Monday, October 12, 2009
Miklos Rozsa, ‘Dragnet’ & a ‘dumb-de-dumb-dumb’ mistake
By Steve Crum
THIS was the city. Los Angeles, California. Home of movies, TV, and the people who make them. Sometimes they break laws, by mistake or on purpose. That’s part of my job: report them.
My name’s not Friday. I’m not a cop. These are just the facts, ma’am...
In 1954, composer Walter Schumann (1913-58) won the first Emmy ever awarded to a composer for original television music. It was for his memorable theme to the popular cop series, Dragnet, which was created and produced by Jack Webb (pictured at left), and starred Webb as Sgt. Joe Friday. Dragnet had begun on radio in 1949 (running until 1957), and segued into TV (1951-58) in its first of several versions.
The “dum-de-dum-dum” theme was so familiar and popular that satirist Stan Freberg sold millions of records in 1951 using the theme in his comedy take-off, St. George and the Dragonet. Ray Anthony’s jazz version of the Dragnet theme was another best seller in 1953. The four “dum” notes even made the cover of Time Magazine in March, 1954, along with Jack Webb’s photo.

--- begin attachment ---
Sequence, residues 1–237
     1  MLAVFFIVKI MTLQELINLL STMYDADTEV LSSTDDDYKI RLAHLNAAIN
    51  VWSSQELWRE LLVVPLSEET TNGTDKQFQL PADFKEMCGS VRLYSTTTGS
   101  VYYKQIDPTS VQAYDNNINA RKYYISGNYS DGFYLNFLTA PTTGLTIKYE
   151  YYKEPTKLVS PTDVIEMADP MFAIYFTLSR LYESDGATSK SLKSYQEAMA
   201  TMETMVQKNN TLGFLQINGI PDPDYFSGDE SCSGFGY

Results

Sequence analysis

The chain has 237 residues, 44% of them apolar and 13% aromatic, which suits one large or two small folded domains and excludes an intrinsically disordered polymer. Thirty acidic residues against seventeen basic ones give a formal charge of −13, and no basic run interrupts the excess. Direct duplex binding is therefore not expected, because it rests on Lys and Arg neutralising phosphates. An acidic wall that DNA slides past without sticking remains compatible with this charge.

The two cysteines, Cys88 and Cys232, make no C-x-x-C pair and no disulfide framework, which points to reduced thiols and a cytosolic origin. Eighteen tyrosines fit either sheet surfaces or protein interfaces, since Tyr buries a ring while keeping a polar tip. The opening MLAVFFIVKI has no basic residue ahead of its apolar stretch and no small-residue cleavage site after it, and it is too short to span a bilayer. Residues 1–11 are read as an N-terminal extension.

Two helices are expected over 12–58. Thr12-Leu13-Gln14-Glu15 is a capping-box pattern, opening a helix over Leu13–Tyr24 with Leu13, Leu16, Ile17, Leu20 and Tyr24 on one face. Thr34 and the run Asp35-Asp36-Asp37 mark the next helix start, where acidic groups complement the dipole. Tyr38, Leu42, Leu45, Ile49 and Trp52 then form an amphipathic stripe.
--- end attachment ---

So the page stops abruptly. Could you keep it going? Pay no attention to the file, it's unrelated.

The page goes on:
The Dragnet music would be Schumann’s musical legacy, even though he scored the cult classic thriller, Night of the Hunter, and fronted his own choral group, The Voices of Walter Schumann, on several albums.
All was rosy-cozy, except for Rozsa, Miklos Rozsa.
Miklos Rozsa (1907-95) wrote numerous film scores throughout the golden years of Hollywood and beyond. The Hungarian-born, award winning composer wrote stunning music for Ben-Hur, Spellbound, A Double Life, and Madame Bovary, among dozens more from 1936-82. No one was more stunned, however, than Walter Schumann when he was served papers by Rozsa’s lawyers for allegedly stealing the Dragnet “dum-de-dum-dum” notes from Miklos Rozsa.
Schumann was accused of plagiarism and copyright infringement, the claim being the Dragnet four-note motif was lifted from Rozsa’s score of The Killers (1946). Both Schumann and his orchestrator, Nathan Scott, plead that the similarity was totally unintentional. In other words, the four famous notes were accidentally, subconsciously borrowed. Schumann’s lawyers counter-claimed that Rozsa had lifted his notes from both Dvorak and Brahms.
That counter-claim went nowhere. However, the two composers agreed to settle the “dum-de-dum-dum” issue out of court for $100 thousand (to Rozsa), plus a 50-50 split between Schumann and Rozsa of future Dragnet theme royalties.
It was the closest Miklos Rozsa came to scoring a TV show or series.
This has (not) been a Mark VII Production. Fade out.